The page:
Custom orthotic insoles are often the most rigid (and uncomfortable) insoles. They are custom created to address a person’s specific foot issues and provide the most rigid support for proper alignment for people who have complications due to diabetes, severe pain due to flat feet, or other issues. Custom designed orthotic insoles will give you a perfect fit, but at a price. 

medical orthotic insoles

Custom orthotic insoles are often prescribed by a podiatrist and requires doctor visits and fittings in addition to the cost of the actual orthotic. The cost can run $300 or more. Some health insurance companies will cover a portion of the cost, but not all insurance plans cover orthotic insoles.

The upside to the cost is that custom orthotics can last for years before wearing out, making them a good investment for those who truly need the customized support.


Gel insoles are a common choice for people seeking relief from foot and joint pain because they are affordable, easy to find in the store, and are a relatively effective non-prescription way to provide comfort—at least in the short term.

Gel insoles cost between $10-$20 for a pair, such as the Dr Scholls brands. While they are affordable and feel good on the feet once added to the shoe, they do not last long. Gel insoles begin to break down after a few weeks of wear and may not even last a few months. While the cost is enticing, the cost of continually buying insoles can quickly exceed the cost of buying a higher-quality product.


There are many, many foam insoles on the market today, many of them promising long-lasting comfort for an affordable price. Foam insoles can vary in price from $25 to $55. They tend to cost more than a gel insole and are more likely to provide short-term stabilizing support and low arch support for people with foot and joint pain.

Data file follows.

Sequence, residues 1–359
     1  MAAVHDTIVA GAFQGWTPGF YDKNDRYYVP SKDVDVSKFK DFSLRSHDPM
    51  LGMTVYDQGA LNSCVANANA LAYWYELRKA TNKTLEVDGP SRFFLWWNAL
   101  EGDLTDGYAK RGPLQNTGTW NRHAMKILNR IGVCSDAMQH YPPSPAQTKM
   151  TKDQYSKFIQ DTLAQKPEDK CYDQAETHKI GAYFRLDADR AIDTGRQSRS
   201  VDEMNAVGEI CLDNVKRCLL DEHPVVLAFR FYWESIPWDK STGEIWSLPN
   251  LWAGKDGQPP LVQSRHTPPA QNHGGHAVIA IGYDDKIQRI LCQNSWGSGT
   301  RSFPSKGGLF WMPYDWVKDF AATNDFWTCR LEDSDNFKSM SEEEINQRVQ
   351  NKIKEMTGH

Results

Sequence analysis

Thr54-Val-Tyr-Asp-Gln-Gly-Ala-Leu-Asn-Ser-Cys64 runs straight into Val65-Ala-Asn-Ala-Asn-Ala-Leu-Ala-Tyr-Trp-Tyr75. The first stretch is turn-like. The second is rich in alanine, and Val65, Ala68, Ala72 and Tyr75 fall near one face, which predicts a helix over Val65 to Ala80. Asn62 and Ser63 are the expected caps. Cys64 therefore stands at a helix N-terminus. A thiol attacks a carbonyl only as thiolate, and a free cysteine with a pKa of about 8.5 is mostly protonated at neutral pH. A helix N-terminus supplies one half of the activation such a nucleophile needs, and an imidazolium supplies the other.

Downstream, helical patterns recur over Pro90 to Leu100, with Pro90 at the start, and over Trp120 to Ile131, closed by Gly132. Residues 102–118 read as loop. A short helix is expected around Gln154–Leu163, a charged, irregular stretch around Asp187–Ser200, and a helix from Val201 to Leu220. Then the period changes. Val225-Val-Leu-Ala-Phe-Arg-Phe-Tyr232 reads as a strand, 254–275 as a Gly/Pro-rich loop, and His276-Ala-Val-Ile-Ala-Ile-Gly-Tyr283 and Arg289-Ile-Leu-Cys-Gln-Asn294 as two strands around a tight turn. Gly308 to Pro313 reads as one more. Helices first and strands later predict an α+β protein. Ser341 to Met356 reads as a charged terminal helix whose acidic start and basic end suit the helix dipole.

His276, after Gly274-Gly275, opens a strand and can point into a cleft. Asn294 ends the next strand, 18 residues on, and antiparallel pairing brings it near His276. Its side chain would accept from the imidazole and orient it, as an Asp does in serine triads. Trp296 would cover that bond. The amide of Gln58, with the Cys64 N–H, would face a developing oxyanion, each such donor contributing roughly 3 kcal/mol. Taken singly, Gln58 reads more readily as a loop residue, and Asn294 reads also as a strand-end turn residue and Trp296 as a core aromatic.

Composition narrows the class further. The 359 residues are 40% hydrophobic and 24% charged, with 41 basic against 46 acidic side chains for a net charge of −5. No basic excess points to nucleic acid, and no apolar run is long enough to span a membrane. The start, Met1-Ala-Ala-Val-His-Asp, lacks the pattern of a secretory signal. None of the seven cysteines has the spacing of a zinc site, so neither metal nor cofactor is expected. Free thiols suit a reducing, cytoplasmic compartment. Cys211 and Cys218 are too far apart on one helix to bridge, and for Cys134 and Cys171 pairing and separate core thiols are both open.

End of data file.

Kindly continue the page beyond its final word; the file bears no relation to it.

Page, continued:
foam insoles

However, the quality of these insoles can vary greatly. Some are simply made of memory foam, while others have a thin base beneath the foam to provide a bit more stability. Buying an insole that is of a higher quality will get you better results and more relief at a reasonable price, providing cushioning for people who stand long periods, and stability for those who need more support.

Unfortunately, the amount of time a foam insole will last in an everyday shoe isn’t much longer than a gel insole. Plastic foam will break down in about four to six weeks, lessening the cushioning and the effectiveness of the insole. Although a foam insole may be effective, the cost compared to how long they will last should be a consideration for consumers.

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Semi-rigid orthotic insoles cost anywhere from $50 to $100, and while this is a higher price point, they are made of firmer material that tends to last longer than foam alone. Semi-rigid orthotic insoles also provide the most benefit for the money. For example, the dynamic arch support and energy return of SelectFlex (shown here) costs one quarter the price of medical orthotics. It also features a medical grade footbed for maximum comfort. We recommend a medical grade footbed not only for comfort, but because this material is durable enough to last and not break down within a few months of wear. 

If you are concerned about cushioning and comfort, there are some semi-rigid orthotics that also include a foam top cover that provides cushioning, while also giving firm arch support and stability to relieve chronic foot pain.

semi-rigid insoles

For those who have issues caused by overpronation of the foot, look for an insole with a medical-grade shell and a deep heel cup to ensure proper alignment of the foot as you walk. For people with flat feet, high arches, or foot pain issues like plantar fasciitis, look for a semi-rigid insole that has an adjustable arch so you can customize your level of comfort. An adjustable arch, also known as a dynamic arch, provides an added value to anyone who needs different levels of support depending on the activity, or has struggled to find an insole that gives enough arch support.

 For the cost, a semi-rigid insole can provide the best of both worlds, cushioning comfort, arch support, and high-tech materials that return energy to your foot with every step, reducing pain and allowing you to be on your feet longer.

learn more about customizable insoles